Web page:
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The Saratogian Newsroom blog, complete with thoughts and commentary from our newsroom staff and regular posts on happenings around town.

Friday, February 28

The other Green man of the 21st *Updated*

Donald L. Hassig is one of two men running for the Green Party line in the 21st Congressional District. He was unavailable when I wrote about the primary, the candidacy of Matt Funiciello and the divergence of Hassig and the Green Party the last time he ran for that seat. 

Unlike his Green Party competition, Hassig said he doesn't believe he can win this election. "I'm in it to win it in 2020," he said, echoing himself in 2012 when he first ran for Congress. "I'm not going to win. No Green Party candidate is going to win. The purpose of this campaign is to get media attention on the issues." He said without his influence, "Fracking would have never been discussed at all (in 2012)."

Don't tell that to Funiciello, though, who said "This isn't an issues campaign. I'm in it to win it."

Here are Hassig's major campaign issues, as he relayed them to me:

1- Stop hydrofracking in the US entirely. "If we don't have a healthy environment, no matter what else we do we're sunk."
2- Free healthcare for all Americans.
3- Free education to all Americans through graduate school. "It's such a basic necessity. People shouldn't have to incur huge debts and drag them down. Our country can afford this."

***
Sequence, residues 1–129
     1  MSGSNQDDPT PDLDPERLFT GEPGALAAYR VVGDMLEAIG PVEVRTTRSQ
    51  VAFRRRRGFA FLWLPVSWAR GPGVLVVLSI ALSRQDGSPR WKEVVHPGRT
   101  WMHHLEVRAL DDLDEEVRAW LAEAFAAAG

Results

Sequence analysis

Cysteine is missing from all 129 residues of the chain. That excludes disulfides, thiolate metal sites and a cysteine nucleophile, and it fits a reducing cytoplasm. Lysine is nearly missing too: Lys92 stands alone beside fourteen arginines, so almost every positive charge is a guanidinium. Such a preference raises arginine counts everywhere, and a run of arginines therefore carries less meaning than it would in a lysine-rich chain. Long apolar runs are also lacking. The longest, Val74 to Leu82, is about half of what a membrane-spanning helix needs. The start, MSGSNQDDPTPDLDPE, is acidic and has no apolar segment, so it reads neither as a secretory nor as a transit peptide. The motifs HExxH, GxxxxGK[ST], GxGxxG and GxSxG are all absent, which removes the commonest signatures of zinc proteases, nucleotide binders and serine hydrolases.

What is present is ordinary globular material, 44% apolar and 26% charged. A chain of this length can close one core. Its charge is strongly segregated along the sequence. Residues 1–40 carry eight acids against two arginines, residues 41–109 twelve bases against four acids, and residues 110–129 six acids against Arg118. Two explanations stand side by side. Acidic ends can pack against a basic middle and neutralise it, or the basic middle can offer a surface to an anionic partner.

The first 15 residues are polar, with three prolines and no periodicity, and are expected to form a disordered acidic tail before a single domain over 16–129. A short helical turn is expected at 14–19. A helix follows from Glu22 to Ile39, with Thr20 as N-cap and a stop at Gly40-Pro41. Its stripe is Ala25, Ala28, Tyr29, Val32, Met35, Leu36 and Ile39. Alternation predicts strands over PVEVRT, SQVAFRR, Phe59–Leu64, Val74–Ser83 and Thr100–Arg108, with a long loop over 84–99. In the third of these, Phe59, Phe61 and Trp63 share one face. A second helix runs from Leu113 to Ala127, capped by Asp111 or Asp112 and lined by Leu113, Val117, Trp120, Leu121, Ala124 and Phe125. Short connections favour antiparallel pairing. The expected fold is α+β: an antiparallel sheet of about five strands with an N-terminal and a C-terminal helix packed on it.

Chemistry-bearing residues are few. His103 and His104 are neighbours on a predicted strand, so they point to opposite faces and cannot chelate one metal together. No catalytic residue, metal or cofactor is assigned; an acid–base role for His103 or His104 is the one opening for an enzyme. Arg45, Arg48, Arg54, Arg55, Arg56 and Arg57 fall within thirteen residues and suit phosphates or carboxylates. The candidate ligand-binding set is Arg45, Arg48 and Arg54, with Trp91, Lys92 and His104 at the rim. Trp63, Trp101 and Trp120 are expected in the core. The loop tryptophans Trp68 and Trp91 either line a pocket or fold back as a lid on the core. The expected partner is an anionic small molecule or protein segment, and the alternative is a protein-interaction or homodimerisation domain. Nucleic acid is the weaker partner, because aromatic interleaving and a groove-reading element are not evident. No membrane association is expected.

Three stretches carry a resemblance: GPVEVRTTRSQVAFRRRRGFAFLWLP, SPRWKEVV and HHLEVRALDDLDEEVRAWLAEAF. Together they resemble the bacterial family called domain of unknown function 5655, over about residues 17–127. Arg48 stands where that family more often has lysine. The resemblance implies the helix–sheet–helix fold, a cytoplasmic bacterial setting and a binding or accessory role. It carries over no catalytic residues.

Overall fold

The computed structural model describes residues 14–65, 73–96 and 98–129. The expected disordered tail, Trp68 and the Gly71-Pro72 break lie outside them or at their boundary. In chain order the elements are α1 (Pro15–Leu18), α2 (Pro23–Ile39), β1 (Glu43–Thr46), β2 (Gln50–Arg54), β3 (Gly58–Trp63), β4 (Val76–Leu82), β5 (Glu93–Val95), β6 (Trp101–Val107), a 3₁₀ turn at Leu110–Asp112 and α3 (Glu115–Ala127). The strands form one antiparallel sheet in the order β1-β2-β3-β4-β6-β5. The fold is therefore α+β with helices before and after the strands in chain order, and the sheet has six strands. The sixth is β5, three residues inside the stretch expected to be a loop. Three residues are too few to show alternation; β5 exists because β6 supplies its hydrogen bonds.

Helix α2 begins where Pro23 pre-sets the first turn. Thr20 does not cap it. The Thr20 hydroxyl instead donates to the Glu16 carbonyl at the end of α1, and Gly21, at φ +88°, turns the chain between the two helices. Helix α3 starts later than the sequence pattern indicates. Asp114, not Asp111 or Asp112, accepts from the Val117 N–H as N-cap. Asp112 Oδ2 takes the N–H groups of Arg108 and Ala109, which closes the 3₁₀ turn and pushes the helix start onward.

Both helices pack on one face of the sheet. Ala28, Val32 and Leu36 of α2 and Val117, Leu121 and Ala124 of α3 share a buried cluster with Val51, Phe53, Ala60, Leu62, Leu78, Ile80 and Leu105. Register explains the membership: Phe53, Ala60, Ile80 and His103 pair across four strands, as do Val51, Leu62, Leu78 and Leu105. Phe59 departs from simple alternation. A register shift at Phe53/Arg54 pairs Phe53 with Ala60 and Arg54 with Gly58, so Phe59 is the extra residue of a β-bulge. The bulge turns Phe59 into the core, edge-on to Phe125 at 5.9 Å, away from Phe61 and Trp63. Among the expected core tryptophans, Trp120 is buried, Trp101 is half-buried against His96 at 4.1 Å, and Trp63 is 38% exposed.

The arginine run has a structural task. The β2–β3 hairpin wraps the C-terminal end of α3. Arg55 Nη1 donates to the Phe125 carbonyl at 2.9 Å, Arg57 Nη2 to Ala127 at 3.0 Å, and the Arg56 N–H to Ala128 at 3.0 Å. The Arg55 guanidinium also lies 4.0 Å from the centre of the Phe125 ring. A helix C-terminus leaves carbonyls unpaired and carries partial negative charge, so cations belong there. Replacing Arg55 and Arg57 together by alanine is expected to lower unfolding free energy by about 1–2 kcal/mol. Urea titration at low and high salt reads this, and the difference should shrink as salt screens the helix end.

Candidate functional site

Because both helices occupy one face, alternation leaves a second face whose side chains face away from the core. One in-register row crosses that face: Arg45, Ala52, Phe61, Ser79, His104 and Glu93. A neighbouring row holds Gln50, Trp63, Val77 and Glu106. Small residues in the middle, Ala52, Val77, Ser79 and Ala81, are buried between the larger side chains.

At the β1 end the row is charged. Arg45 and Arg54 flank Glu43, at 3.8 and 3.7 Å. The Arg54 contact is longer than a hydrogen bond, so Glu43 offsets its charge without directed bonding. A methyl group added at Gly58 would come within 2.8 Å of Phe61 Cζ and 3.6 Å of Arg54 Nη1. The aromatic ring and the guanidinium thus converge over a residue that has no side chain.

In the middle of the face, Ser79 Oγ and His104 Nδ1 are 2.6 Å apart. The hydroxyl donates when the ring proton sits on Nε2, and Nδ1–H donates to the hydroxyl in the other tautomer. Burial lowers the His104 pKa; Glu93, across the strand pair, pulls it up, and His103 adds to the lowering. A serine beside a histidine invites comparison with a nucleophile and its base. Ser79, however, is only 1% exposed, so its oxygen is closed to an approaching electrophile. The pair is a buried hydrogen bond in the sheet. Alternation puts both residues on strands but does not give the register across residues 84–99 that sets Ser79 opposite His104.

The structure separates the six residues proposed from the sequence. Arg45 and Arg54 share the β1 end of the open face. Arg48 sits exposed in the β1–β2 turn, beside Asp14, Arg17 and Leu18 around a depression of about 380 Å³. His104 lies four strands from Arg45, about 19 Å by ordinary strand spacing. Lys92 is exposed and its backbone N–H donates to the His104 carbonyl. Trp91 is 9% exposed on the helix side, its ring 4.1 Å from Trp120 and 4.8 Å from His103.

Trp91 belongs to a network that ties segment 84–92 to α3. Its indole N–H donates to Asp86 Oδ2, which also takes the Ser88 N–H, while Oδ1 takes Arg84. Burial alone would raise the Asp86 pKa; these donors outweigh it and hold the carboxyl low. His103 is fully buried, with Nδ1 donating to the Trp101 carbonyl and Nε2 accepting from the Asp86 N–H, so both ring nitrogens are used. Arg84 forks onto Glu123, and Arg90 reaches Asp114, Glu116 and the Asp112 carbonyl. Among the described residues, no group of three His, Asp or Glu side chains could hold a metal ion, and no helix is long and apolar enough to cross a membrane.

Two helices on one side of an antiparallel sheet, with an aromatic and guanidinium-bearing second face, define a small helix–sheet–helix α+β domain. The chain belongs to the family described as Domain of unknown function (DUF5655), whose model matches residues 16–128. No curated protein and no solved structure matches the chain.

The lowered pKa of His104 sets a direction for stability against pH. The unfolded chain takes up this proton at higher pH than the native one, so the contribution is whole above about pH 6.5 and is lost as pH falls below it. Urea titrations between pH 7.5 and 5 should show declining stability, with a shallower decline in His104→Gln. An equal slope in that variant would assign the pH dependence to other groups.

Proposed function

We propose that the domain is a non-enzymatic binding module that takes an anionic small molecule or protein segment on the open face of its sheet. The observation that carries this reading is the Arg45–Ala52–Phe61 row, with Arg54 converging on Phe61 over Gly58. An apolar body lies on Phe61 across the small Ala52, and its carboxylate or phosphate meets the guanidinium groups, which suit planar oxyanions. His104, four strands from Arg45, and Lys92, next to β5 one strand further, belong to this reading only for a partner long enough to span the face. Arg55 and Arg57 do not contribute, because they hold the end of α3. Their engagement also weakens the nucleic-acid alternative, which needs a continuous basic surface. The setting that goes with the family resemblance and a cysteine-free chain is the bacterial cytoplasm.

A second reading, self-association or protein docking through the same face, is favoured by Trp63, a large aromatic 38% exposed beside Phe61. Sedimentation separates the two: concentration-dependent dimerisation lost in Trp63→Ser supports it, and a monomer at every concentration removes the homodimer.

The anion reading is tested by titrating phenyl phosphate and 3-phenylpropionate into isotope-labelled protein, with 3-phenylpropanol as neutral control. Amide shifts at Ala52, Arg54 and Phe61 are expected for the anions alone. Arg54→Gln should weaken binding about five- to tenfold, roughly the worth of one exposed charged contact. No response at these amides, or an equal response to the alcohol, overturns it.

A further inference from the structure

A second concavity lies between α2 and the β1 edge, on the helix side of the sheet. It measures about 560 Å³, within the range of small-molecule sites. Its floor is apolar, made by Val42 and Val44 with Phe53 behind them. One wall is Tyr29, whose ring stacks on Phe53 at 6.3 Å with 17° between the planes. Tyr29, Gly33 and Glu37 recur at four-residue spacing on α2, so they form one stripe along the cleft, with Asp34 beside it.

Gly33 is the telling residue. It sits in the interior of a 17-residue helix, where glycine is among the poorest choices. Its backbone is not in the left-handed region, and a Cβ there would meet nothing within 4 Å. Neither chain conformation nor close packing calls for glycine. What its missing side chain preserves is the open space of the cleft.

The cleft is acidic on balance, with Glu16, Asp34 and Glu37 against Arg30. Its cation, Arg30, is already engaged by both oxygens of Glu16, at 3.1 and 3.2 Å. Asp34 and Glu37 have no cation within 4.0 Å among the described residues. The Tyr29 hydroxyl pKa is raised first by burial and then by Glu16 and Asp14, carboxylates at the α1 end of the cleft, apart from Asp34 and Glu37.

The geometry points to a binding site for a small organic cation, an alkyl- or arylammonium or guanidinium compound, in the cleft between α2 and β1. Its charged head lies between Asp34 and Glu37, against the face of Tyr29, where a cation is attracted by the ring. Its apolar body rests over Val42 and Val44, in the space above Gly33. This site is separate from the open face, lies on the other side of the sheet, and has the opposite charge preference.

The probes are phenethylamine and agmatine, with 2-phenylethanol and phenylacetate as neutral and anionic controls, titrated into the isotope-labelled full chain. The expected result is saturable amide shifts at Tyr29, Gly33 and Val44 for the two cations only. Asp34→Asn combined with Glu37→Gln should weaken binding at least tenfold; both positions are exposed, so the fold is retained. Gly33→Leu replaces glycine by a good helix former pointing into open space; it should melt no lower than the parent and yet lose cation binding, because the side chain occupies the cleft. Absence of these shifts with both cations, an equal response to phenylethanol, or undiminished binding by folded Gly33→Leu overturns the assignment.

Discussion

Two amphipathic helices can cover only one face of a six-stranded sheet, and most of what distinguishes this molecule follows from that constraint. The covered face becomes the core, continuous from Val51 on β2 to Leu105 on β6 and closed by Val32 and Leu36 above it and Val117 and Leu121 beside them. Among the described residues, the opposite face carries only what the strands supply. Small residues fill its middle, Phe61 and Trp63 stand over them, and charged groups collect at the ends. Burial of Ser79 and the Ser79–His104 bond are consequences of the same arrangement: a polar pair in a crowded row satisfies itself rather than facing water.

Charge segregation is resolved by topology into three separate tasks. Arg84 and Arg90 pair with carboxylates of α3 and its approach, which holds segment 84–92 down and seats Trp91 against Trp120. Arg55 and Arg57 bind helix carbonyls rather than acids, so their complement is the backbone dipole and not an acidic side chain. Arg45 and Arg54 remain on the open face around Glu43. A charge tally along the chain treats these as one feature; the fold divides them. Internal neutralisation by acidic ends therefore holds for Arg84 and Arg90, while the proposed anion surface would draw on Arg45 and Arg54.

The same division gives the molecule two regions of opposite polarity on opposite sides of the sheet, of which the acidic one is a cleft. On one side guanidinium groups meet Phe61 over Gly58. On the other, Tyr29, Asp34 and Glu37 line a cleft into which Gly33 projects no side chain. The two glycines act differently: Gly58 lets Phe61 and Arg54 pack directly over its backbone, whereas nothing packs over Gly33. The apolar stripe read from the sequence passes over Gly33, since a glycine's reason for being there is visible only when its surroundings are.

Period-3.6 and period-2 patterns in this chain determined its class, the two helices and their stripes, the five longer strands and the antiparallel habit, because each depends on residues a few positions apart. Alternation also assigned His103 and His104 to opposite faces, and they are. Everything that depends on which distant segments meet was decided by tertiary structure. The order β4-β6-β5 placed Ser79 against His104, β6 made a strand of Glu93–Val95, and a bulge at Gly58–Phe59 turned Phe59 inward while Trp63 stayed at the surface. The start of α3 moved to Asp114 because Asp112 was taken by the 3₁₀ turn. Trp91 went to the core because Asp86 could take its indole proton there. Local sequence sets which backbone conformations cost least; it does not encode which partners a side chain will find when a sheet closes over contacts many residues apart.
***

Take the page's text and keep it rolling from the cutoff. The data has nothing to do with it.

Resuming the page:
4- Free organic food for all Americans. "Our country shouldn't be just about getting people what they have to have, but about giving the country wonderful things."
5- He wants to pay for the last three with taxes on "financial instruments... Any time you are making money off of selling money."
6- A jobs program that promotes more teachers  (for the free education) more doctors (for the free healthcare) and more farmers (for the free organic food).
7- Get out of the World Trade Organization and renegotiate Free Trade agreements.

As for other political issues Hassig has seen: in 2012 when he ran for the seat, Hassig was denounced by the Green Party for comments he made on immigrant labor on North Country farms, particularly dairy farms.

“I do not want Mexicans on the farms of St. Lawrence County, or the farms of Clinton County, or the farms of Washington County — any of these farms,” Hassig said, according to North Country Public Radio.

"I'm not a racist. I don't have a racist bone in my body. I didn't think about racism (when I said it). I said it straight from the heart. The reason I said 'I would like to see them get their asses kicked out of here' is because it is not good for the American people, for American farming and for American cattle."

He said dairy farming is a complicated business and when the boss speaks English but the workers only speak Spanish, it can create issues. "I do not approve of immigrant laborers who do not speak English working on American dairy farms."

Plus, he said, it takes jobs way from Americans.